Yeah, I’m still never going to build this machine.

Comparison

So, how do these line up with my existing fileserver?

  • Processor: PowerServer> Pie-in-Sky >>> Existing Server >  Basic Server >> Itty-Bitty / Modular.
    Basically, my existing fileserver sits idle for a huge chunk of the day and, even when it is busy, it still doesn’t do much. Still, I’m a bit concerned that the two cheap builds are a bit… too cheap. They’re kind of weak to run VMs on and expect the VM to do much.
  • Memory: PowerServer /Basic Server > Everything else > Existing Server.
    My existing server has 4 GB of RAM. I intentionally made the rest of the builds 16 GB of RAM, although two of them can handle up to 32 GB of RAM, if you felt like it. Definitely not needed for my needs, but it might be needed in the future.
  • Case Size: PowerServer / Basic Server > Existing Server >> Modular > Pie-in-Sky / Itty-Bitty.
    Really, I only have four cases in the list – the LianLi mini-ITX, the Fractal Design full ATX, and the Apex mini-ITX and the Sans Digital eSATA thing. My existing fileserver case is a smidge shorter than the Fractal Design case, but is otherwise still a full ATX case. I narrowed things down to those four (five) cases, as they’re the best I can find that fit my own design sensibilities. The only real pro to any of them is that the Fractal Design case is also heavily soundproofed.
  • Power Sipping: Itty-Bitty >> Pie-In-Sky > Modular > Basic / PowerServer > Existing Server.
    Rated from least to most power drawing (hence the “Power Sipping” term) at idle, these are… guesses. I honestly don’ t know how much power the Pie-In-Sky and Basic builds take, as those are estimates of mine. Still, the Modular one has two PSUs to contend with (neither of which are user replaceable, so I’m assuming they are inefficient) and the Itty-Bitty machine is quite possibly the lowest power use machine I could possibly build.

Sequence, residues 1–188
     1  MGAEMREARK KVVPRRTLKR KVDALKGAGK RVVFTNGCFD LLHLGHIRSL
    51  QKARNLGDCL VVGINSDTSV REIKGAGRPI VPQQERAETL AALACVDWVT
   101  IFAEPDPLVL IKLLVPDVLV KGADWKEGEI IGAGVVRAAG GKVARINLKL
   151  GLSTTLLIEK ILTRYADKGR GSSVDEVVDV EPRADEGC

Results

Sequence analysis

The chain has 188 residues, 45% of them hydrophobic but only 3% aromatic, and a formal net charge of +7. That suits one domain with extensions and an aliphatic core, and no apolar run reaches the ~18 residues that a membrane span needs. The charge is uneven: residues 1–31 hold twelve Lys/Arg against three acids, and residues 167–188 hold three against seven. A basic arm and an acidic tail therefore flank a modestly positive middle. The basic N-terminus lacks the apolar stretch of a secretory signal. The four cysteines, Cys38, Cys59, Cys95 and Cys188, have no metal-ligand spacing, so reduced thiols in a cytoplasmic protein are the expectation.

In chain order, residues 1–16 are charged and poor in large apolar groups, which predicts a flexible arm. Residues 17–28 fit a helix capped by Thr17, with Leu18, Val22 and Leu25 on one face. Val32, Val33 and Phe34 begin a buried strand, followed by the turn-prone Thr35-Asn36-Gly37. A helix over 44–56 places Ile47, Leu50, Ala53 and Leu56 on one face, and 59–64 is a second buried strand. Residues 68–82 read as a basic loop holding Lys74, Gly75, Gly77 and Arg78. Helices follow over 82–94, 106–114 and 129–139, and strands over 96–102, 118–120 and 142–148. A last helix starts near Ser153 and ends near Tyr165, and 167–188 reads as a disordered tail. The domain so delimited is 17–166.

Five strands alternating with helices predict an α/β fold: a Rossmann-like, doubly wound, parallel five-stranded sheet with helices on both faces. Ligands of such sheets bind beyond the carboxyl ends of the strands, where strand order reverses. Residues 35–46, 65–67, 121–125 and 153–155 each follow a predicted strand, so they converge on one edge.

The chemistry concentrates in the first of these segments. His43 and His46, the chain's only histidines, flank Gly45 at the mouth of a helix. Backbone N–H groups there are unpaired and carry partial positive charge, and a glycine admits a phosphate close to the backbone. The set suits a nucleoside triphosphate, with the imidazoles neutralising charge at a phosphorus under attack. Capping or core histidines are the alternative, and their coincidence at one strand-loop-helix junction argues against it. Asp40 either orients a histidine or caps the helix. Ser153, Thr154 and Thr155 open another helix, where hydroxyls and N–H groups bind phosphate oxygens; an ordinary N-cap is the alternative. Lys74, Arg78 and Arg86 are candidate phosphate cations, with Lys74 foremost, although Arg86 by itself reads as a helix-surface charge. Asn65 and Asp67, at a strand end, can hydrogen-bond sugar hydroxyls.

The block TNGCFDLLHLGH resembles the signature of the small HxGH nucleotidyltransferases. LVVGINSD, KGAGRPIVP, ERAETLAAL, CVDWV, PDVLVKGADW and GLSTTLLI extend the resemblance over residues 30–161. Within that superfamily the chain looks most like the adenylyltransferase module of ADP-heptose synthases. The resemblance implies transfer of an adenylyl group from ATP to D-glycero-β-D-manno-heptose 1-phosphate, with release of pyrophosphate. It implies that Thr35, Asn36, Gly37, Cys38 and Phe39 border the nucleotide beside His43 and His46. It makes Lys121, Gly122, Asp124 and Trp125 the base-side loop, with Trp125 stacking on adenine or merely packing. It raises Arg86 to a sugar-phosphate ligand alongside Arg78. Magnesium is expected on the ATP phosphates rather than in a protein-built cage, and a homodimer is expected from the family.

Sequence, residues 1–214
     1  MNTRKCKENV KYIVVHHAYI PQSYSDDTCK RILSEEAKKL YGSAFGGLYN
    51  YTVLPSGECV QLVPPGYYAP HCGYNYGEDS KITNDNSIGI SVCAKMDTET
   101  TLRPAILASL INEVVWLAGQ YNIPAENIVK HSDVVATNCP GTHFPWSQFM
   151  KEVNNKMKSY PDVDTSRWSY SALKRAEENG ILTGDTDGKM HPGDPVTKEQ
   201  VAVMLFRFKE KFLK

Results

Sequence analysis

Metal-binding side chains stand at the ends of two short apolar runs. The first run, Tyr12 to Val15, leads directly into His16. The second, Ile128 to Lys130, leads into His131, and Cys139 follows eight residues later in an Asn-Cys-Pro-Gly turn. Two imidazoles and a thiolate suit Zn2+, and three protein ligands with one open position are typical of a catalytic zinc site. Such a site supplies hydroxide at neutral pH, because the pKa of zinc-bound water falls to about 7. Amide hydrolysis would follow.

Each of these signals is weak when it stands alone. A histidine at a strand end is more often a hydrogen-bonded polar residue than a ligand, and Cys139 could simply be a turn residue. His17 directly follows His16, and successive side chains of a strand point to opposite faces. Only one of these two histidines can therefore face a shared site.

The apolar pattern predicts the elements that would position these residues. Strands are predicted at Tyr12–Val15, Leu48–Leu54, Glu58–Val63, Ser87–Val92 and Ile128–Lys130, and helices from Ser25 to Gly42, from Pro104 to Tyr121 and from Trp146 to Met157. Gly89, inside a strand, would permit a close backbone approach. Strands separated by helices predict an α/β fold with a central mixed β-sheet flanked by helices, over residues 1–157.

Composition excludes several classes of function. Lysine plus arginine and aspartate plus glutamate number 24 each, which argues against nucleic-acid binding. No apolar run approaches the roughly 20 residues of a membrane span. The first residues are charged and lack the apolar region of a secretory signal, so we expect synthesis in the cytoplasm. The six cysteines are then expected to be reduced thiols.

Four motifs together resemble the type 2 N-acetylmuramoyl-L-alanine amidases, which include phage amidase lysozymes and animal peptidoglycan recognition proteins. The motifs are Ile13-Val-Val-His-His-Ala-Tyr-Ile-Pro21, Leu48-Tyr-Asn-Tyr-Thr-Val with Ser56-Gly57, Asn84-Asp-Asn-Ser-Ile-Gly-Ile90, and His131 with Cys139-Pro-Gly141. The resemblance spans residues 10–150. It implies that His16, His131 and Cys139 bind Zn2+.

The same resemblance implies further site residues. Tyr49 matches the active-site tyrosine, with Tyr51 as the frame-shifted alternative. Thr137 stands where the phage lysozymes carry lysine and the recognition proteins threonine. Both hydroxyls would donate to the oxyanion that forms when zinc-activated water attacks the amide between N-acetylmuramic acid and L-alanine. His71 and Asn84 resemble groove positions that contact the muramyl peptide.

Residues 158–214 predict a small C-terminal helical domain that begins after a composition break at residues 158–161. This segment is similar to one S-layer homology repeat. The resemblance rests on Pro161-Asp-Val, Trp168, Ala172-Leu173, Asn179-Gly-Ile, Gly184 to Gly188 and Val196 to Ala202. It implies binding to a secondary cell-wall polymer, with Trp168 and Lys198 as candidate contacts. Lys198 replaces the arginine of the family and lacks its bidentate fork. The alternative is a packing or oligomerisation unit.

• Adaptability: PowerServer /Basic Server > Existing Server > Pie-in-Sky > Itty-Bitty > Modular
    One could debate whether the modular machine (relying on eSATA for file serving) is more adaptable than ones that aren’t, given that you can just plug a different external enclosure into it. I, however, have no intention of removing said enclosure so I don’t count it. Really, this boils down to, “can I change the role of this computer after I build it?” The three larger machines, owing to the fact that they have ATX motherboards with enough slots to distract gamblers, can be modified into just about anything. The basic server, in particular, currently has the lowest processor of its class installed – meaning you could swap it with an octocore AMD proc and have fun serving up a whole lot of content as a more public VM host, for instance.

Conclusion

Home fileservers tend to be low powered machines that don’t really do much of anything save hosting content. That’s not what I want – I want a home VM host and fileserver. That means that I demand not only a bunch of storage, but also RAM and a bit of CPU.

Or, in short, I want to host my cake and eat it. About the ONLY thing this build doesn’t need compared to a regular desktop PC is a good video card.

Leave a Reply

Your email address will not be published. Required fields are marked *

Post Navigation